HOMEOWNERS are facing the spectre of mortgage hikes as banks plan a raft of interest rate increases to claw back losses.
Experts expect banks to increase rates on standard variable mortgages over the coming year, independent of the European Central Bank.
Permanent TSB has increased rates by 0.5% and EBS has said it too believes rates will have to go higher.
A 0.5% hike from 3% on a €200,000, 30-year mortgage would cost an extra €54.88 per month or €658.56 a year. A 0.25% hike based on the same criteria would mean an extra €27.20 a month or €326.40 a year.
Although AIB said it has “no plans” to raise interest rates, it is planning to raise €2 billion. Bank of Ireland said it has “no immediate plans” to increase rates.
EBS said, however, that it believes interest rates for variable mortgages will have to go higher.
Chief executive Fergus Murphy said EBS was doing all it could to keep rates low but said similar charges in France, Germany and Britain were 50% higher than in Ireland.
Chairman of the finance committee at the Irish Brokers Association, Paul Kinane said: “EBS like other mortgage lenders appears intent on ensuring that its mortgage customers pay for the mistakes of management with increased interest charges on their mortgage.”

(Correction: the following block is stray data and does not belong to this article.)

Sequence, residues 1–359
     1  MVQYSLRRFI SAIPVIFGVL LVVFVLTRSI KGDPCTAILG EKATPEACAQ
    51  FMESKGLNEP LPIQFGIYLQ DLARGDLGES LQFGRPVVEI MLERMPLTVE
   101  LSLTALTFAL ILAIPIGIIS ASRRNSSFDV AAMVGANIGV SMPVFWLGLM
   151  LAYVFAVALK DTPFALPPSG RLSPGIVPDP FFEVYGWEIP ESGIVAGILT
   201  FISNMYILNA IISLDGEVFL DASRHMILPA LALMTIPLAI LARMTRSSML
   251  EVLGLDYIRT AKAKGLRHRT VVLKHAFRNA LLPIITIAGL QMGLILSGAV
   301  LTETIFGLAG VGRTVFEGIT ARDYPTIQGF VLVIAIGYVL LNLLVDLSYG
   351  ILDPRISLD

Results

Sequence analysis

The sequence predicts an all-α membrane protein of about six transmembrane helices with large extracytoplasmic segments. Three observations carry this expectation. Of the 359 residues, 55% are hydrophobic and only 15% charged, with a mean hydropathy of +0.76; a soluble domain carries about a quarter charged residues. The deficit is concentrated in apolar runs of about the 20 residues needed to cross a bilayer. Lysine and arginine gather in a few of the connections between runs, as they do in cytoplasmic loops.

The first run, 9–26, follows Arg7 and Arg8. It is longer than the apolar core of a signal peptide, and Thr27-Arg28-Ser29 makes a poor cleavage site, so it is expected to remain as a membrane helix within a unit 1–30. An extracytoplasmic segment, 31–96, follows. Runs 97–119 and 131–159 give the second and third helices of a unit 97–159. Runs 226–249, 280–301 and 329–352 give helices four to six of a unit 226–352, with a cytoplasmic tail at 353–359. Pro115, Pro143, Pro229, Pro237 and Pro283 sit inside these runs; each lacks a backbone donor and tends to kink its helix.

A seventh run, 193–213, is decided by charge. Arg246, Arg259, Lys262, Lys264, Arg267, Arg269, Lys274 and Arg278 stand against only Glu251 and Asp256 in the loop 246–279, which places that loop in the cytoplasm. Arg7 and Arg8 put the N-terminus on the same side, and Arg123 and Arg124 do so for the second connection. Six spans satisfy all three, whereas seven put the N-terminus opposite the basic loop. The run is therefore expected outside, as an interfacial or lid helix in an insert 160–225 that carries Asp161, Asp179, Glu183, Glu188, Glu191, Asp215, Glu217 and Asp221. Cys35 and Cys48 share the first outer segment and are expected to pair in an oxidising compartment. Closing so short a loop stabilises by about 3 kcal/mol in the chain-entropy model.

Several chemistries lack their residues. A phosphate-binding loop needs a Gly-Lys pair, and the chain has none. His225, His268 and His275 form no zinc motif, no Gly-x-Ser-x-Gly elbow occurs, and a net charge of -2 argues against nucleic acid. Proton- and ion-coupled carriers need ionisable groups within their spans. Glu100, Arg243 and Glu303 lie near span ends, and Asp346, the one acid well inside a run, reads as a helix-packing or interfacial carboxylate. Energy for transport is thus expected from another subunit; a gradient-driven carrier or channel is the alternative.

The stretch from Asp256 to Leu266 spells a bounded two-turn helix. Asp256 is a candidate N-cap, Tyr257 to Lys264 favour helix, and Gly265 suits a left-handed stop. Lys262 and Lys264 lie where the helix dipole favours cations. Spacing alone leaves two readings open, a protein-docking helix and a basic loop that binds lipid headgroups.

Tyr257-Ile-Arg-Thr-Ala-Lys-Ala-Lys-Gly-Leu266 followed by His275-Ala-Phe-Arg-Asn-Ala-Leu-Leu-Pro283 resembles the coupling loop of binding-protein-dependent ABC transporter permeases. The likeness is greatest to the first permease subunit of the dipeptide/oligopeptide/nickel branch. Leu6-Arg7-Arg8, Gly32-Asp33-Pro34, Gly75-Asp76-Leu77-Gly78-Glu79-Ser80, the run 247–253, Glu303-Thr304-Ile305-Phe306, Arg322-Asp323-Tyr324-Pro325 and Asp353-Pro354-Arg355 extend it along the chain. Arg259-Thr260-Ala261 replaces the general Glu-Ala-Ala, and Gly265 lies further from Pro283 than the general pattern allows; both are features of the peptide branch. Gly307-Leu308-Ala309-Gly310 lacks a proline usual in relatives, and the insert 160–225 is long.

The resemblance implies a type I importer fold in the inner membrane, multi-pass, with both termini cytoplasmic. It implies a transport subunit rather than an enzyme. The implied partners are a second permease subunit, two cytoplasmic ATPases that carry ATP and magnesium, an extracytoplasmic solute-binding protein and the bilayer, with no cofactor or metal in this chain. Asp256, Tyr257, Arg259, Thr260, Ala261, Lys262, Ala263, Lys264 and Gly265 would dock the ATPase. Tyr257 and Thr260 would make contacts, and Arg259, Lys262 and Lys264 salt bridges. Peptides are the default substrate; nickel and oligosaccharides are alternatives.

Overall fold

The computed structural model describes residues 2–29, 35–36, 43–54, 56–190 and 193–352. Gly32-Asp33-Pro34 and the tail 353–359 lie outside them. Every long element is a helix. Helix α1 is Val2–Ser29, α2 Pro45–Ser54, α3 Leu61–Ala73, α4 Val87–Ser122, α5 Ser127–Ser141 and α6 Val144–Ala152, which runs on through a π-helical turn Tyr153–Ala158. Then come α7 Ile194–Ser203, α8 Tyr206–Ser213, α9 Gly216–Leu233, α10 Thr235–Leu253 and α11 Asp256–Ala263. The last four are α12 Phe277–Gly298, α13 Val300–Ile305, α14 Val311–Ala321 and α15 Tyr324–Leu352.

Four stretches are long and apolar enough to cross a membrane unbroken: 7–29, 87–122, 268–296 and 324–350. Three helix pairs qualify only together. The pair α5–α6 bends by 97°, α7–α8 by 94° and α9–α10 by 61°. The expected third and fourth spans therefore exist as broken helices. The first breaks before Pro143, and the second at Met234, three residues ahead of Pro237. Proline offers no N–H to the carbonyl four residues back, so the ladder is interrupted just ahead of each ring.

Director of the Irish Mortgage Corporation, Frank Conway said banks have been working to take back the control over interest rates given away during the tracker mortgage years.
“They have been regaining control by removing tracker mortgages and replacing them with standard variable rate deals.
“During the height of the credit crunch, which peaked in mid-October 2008, many banks realised how seriously they were exposed to interest rate fluctuations and suffered significantly as a consequence.”
Homeowners were urged to consider fixing their mortgage. “I would advise anyone who may have concerns about the possible implications of mortgage repayments increasing to consider the merits of locking into a fixed rate deal,” Mr Conway added.
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